Photo courtesy Ueli Hauser
Public-safety communications networks in Colorado suffered minimal damage and outages during historic flooding in early September, and amateur radio operators made considerable contributions to the disaster’s communications efforts.FirstNet Outlines Details Expected in State Plans, Information Portals
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Seventeen counties were impacted by flooding caused by storms that dumped more than a foot of rain in parts of the Denver metropolitan area, especially communities north of the city, including Boulder and Larimer counties. Eight people died as result of the flooding and nearly 6,000 people had to be evacuated from their homes. Several major highways were damaged, stranding hundreds of citizens and completely cutting off at least three towns.
"The only damage to the Boulder city/county law enforcement/fire radio networks during the flooding was water leakage at one site that was quickly resolved," said Dean Scott, technical systems supervisor with the Boulder County Sheriff's Office. "Because we run backup on the primary dispatch channels the short term outage was transparent to the user and the repair occurred without interruption to the network."
“Our statewide Digital Trunked Radio System (DTRS) worked very well during the initial days of the flooding,” said Dave Rowe, Larimer County radio systems administrator. “We did lose one DTRS site due to power and T-1 infrastructure loss. This had minimal effect since it had a small footprint and all residents had been evacuated.”
The city of Lakewood, a west Denver suburb, was also hit by flooding, but its communications equipment and operations were not impacted.
“Lakewood was really very fortunate during the flooding period,” said Steve Davis, public information officer for the Lakewood Police Department. “Other than receiving a very unusual amount of rain for this time of year, we had no known damage or real issues. The creeks and rivers were certainly very swollen, and we did activate our emergency operation center (EOC) one night in anticipation of flooding but never experienced any.”
Hams Fill Communications Gaps
Amateur radio supplemented public-safety networks during flooding response and recovery efforts. More than 60 local Amateur Radio Emergency Services (ARES) volunteers provided communications functionality at Red Cross shelters and state and local emergency operations centers, according to the American Radio Relay League (ARRL).
ARRL Colorado Section Manager Jack Ciaccia said ARES volunteers were staffing almost all EOCs in the affected areas, providing either voice or packet communications between EOCs and shelters. Amateur radio operators also provided some of the only means of communications out of towns that were completely cut off by flooding, including Estes Park, Lyons and Jamestown.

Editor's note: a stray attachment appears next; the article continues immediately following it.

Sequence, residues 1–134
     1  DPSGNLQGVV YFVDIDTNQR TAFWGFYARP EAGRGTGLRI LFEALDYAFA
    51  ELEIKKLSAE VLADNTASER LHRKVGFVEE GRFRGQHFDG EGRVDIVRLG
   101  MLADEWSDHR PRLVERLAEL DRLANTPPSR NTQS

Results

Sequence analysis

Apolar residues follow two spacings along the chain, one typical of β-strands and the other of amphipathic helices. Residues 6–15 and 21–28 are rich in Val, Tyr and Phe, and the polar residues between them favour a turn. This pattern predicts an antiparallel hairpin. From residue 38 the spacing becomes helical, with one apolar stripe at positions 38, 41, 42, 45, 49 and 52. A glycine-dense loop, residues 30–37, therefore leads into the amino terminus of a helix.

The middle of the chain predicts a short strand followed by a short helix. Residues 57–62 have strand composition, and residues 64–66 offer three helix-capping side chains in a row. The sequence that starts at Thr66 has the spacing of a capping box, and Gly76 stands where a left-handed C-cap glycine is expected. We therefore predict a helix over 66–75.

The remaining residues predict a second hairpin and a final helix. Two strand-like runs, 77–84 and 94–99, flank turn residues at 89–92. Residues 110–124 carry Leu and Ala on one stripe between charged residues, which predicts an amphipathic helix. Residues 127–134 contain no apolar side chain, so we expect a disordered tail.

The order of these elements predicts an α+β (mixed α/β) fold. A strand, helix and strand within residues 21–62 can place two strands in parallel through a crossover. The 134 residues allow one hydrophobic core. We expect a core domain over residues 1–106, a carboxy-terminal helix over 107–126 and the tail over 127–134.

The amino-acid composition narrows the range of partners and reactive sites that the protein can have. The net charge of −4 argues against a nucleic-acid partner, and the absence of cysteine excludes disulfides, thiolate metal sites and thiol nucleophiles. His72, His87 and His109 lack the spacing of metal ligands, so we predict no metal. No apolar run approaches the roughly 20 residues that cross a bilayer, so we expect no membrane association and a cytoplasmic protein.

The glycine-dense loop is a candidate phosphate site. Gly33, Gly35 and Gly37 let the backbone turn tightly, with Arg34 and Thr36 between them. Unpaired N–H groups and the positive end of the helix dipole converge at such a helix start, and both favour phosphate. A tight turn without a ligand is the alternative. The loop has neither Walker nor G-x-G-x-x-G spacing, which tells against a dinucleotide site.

Amateur radio operators helped coordinate the delivery of supplies by helicopter to stranded citizens, and in one case, helped locate medical supplies needed within a community that could not be reached by outside responders. The group also aided in the evacuations, including 65 school children who were camping when the flooding hit.
With the immediate threat of flooding past, amateur radio operations switched to helping with flood damage assessment. In Boulder County, ARES volunteers rode in county vehicles equipped with mobile ham radio gear set to operate with area repeaters to help with damage assessment efforts.
Ciaccia said Boulder’s ARES group is accustomed to working closely with local law enforcement and responders on a variety of disasters, particularly forest fires, where the group brings digital communications and advanced technologies including video capabilities to help responders monitor and react to incidents.
Boulder benefitted from recent efforts to bolster the network of amateur radio equipment and operators in the area. Ciaccia said a wildfire in the county several years ago convinced some local mountain residents that there was inadequate conventional communications systems available to help citizens know how to evacuate from fires and flooding. As a result, the Boulder ARES group began to deploy a repeater system in the mountain areas west of Boulder consisting of standard VHF repeaters, propane generators, outbuildings and crystals. The project, which so far includes two repeaters with a third repeater planned, was self funded and is credited with saving lives during the flooding.
The group also began recruiting ham operators in the area by offering to teach new users about the technology, help them get their licenses and give them a repurposed wideband radio. In the past year, Ciaccia said 65 new operators have been licensed in the area, and he noted that ham numbers are on the rise nationwide, with more than 750,000 operators licensed.
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